Observing the effect of polish on shoes;
Knowing your neighbours;
Getting in just before the rain starts;

Finishing things.

Mild Success

6 November, 2017 at 6:15 pm by belgianwaffle

I’ve spent a lot of time over the past couple of weeks on trains and I am very susceptible to advertising. “Murder on the Orient Express” has been plugged pretty relentlessly on the big screen in Heuston station. It was, therefore, perhaps inevitable then that we should go en famille on Sunday.

There was some negotiation on the timing of this. This weekend herself was out with a friend Friday morning, out with other friends Friday afternoon, at a party next door Friday night – about 70 teenagers, I applaud my neighbours – over to a friend in Kildare for a sleepover on Saturday and back Sunday lunchtime; Daniel had a play off for second place in his division of the league, they won could well be looking at promotion to division 9, and choir on Sunday morning; Michael had drama on Saturday afternoon and hockey on Sunday morning, so finding an agreed time at all was difficult. I decided we would push on even when I saw a stinker of a review in the Irish Times. We cycled in and out very successfully (back in the dark as well) and the film itself was actually ideal Sunday afternoon family fare. None of the children had read the book so the dénouement was a surprise to them. The cinematography was truly beautiful (my sister says that this is always the kiss of death for a film) and it was all enjoyable in a mild way. Herself got great entertainment from Kenneth Branagh’s Belgian accent (poor, he pronounced the f in ouefs apparently, I didn’t notice) and it was all good stuff and it prepared us psychologically for the much-regretted end of mid-term.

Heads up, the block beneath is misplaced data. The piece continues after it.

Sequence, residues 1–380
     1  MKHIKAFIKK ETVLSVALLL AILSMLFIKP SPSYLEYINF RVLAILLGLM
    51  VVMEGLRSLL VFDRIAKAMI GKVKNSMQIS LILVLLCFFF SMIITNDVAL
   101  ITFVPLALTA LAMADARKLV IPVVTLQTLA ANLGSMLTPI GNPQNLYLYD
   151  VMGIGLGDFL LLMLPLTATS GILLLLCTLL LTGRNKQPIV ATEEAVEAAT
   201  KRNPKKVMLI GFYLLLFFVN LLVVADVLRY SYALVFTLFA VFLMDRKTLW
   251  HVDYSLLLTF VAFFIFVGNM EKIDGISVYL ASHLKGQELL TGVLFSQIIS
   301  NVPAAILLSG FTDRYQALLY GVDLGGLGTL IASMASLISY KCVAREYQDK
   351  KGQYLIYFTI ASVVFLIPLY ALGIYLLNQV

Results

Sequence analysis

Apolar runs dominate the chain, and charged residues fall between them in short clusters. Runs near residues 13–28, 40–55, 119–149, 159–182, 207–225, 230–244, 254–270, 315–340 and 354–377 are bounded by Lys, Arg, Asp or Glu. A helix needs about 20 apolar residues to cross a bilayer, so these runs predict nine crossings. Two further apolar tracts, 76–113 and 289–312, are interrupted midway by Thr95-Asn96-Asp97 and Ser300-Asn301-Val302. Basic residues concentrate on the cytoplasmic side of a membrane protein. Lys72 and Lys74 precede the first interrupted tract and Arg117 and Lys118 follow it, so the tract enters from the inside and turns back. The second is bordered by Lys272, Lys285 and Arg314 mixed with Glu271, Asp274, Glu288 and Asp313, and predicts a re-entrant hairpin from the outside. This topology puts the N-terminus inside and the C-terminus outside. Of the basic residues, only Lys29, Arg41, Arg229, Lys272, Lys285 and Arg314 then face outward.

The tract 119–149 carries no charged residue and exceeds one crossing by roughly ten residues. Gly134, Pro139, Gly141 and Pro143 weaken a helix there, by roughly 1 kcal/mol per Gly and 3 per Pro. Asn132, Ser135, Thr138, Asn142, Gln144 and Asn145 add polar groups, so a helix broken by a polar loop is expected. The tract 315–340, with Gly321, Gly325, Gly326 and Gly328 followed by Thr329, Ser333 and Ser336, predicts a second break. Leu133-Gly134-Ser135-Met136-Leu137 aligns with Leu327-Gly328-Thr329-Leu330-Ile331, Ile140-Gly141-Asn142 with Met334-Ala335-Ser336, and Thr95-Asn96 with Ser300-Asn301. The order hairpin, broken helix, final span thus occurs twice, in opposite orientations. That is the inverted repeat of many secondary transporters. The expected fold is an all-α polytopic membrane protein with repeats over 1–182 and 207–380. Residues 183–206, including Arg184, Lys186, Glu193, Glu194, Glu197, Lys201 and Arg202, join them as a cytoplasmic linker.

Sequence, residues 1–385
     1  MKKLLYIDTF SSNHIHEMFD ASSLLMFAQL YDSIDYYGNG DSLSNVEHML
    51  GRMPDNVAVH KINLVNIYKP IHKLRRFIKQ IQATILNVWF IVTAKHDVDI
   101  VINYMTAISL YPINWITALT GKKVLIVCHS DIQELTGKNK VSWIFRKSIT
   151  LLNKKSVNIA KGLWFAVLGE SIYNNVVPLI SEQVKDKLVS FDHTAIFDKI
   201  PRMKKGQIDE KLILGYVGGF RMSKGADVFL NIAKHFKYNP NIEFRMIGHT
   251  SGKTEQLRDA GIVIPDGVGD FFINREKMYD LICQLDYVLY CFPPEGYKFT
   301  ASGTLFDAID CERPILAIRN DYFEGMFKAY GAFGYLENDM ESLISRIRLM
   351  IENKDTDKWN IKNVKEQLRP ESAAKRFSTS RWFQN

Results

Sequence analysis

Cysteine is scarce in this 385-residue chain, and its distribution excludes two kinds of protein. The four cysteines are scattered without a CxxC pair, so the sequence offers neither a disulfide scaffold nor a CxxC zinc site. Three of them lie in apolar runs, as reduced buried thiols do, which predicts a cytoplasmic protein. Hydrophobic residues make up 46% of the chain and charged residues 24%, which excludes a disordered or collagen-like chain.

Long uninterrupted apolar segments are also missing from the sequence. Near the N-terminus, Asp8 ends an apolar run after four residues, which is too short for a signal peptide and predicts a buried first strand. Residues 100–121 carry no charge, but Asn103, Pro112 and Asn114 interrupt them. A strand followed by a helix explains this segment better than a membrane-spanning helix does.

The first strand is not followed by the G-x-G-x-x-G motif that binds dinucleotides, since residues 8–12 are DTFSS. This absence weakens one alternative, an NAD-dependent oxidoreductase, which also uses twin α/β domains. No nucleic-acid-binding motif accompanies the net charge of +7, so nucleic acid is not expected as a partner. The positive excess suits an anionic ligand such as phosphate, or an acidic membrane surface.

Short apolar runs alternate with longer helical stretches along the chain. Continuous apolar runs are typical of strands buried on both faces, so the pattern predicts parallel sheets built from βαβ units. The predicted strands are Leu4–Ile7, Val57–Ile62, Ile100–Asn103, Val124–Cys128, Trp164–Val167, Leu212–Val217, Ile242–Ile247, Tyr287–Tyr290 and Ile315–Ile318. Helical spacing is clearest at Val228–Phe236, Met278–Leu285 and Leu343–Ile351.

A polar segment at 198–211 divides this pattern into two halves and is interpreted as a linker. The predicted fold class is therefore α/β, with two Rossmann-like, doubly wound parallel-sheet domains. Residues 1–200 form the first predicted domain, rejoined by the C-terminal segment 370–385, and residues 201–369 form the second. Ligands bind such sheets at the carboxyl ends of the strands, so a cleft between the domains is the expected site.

Small World

2 November, 2017 at 10:13 pm by belgianwaffle

Now that I have embraced middle age I listen a lot to radio 4. The fact that I tend to do it on headphones from a podcast does not, sadly make me down with the young people when what I am listening to is Desert Island Discs.

Anyhow, a couple of weeks ago, they had on the Scottish composer James McMillan. Unlike almost every other Irish person you will ever meet, I am not particularly interested in music. It is a shameful thing and one that causes me some difficulty when I try to select my own desert island discs, but there it is. The only composers I really know are the ones who are regularly answers on University Challenge – you start to recognise the style and Benjamin Britten is usually a pretty safe bet for one of the answers, as they are quite patriotic. Normally when I listen to Desert Island Discs, I am fascinated by the people but rather bored by the music which, happily “for copyright reasons” is shorter on the podcast but, for some reason, this time, I loved the music. McMillan chose a piece by Thomas Tallis (occasional UC answer and, also, the name of one of the cats living upstairs in Brussels, the other one was Byrd, of course he was – so not a completely unknown quantity) which was arranged for 40 (!) voice parts, it was so beautiful that it made me cry (low enough bar actually, I cry easily, but still). And then McMillan turned out to be a devout Catholic and quite sane which, sadly, seems to be an increasingly rare combination. It was a really beautiful programme.